A Michigan police officer who kept Ku Klux Klan (KKK) and Confederate memorabilia in his home has been fired, NBC News reports.
Charles Anderson had been employed by the Muskegon Police Department, but is now jobless, thanks to a failure to think things through regarding his home décor when he put his home on the market. Back in August, as NBC News reported at the time, Anderson's home was for sale when a pair of prospective buyers toured the home and noticed a few things: there was a framed Ku Klux Klan application and multiple Confederate flags displayed throughout the house.
The prospective home buyer, later identified as Robert Mathis, who is black, was taken aback by the memorabilia. He didn't know whose home he was touring, but concluded that it belonged to a police officer based on the presence of police paraphernalia in the house. When he got home, he posted the story about his experience to social media. He didn't identify whose home he was touring, but apparently enough townsfolk around the city of approximately 40,000 people were familiar with Anderson, and soon it was brought to the Muskegon Police Department's attention.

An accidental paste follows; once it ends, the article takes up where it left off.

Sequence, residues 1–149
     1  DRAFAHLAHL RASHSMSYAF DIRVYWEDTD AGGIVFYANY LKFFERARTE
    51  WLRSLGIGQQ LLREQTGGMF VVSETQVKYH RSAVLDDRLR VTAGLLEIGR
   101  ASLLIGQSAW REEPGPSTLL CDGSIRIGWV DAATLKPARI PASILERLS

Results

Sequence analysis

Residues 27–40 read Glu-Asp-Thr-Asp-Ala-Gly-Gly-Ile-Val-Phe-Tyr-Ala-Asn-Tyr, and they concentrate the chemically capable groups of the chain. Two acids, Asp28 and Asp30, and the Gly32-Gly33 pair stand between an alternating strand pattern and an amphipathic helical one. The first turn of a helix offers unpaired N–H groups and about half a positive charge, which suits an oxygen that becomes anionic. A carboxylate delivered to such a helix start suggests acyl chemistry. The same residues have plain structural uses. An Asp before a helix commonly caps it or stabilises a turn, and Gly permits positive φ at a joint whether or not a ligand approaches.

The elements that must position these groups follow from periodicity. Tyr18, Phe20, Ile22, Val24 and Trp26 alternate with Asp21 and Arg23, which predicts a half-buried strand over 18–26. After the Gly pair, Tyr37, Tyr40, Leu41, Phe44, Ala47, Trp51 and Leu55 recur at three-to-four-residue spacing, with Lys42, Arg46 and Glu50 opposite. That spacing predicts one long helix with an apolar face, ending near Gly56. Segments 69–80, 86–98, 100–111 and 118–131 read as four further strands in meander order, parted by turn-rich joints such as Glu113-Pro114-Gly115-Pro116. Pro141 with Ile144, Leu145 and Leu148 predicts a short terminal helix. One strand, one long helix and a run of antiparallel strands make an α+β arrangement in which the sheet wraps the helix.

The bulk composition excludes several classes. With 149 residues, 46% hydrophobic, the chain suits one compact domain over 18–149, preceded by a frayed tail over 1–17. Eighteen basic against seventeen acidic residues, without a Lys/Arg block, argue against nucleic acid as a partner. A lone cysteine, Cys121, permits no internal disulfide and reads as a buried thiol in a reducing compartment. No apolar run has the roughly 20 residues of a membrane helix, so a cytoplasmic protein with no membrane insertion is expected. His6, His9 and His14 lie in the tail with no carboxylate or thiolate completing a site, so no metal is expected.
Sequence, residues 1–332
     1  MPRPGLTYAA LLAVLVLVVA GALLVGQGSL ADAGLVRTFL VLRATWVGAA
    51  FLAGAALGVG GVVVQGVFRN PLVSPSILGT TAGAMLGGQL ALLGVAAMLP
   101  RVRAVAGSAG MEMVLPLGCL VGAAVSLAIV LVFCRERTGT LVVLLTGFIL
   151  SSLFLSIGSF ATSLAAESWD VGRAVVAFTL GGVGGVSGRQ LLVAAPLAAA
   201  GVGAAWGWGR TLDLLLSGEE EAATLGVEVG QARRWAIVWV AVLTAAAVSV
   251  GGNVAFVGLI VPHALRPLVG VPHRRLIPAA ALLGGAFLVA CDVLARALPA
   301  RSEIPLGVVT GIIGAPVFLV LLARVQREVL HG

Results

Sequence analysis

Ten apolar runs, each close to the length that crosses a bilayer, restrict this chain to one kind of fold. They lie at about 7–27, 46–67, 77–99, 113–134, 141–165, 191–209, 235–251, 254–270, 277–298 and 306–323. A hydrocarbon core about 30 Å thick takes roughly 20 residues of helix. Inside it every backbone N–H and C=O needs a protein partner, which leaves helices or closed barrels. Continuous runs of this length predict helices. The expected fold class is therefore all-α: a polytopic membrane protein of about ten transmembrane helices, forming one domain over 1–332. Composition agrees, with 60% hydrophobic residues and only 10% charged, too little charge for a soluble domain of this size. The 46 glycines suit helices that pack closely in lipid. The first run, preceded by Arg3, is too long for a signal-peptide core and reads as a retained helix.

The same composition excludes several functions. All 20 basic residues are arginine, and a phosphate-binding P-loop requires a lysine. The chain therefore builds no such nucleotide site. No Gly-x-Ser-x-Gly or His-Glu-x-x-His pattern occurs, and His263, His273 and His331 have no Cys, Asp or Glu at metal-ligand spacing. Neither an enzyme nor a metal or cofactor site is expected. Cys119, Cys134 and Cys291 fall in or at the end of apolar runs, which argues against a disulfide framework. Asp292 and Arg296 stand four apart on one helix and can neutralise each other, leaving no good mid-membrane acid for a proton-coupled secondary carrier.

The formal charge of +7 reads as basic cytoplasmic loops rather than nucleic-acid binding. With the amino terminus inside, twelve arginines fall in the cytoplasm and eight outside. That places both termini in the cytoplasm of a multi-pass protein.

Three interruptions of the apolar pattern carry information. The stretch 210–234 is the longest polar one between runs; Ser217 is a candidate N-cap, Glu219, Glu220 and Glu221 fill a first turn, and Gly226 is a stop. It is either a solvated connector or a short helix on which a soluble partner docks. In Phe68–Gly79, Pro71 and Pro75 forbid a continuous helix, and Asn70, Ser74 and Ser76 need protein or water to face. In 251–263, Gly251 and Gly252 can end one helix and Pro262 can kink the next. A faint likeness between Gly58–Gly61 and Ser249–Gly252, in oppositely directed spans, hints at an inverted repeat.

Unfortunately for Anderson, the police department has a specific policy against "being in possession of certain items associated with a white supremacy group." In mid-August, Anderson was placed on administrative leave by his department.
Now, Anderson is out of a job. At a disciplinary hearing on Thursday, the decision was made to fire him.
Neither Anderson, nor his union, the Police Officers Labor Council, could immediately be reached for comment.
Reyna Mathis, who along with her husband was touring Anderson's home that day, said at the time that her realtor cried.
"Our realtor, who is white, even cried. She just kept apologizing," Reyna said.
Unfortunately, the Mathises say they've been getting death threats ever since the incident. One such threat came just a couple of days after their story initially began to be picked up by the national news. One threat even resulted in the Muskegon Police Department paying a visit to the Mathises' home to warn them.
Police departments across the country have white supremacists on their forces, according to a 2016 PBS report, and indeed, in at least one city, a police officer has spoken up about it. In St. Louis, as previously reported by The Inquisitr, a police sergeant said publicly that there are white supremacists on the city's police force.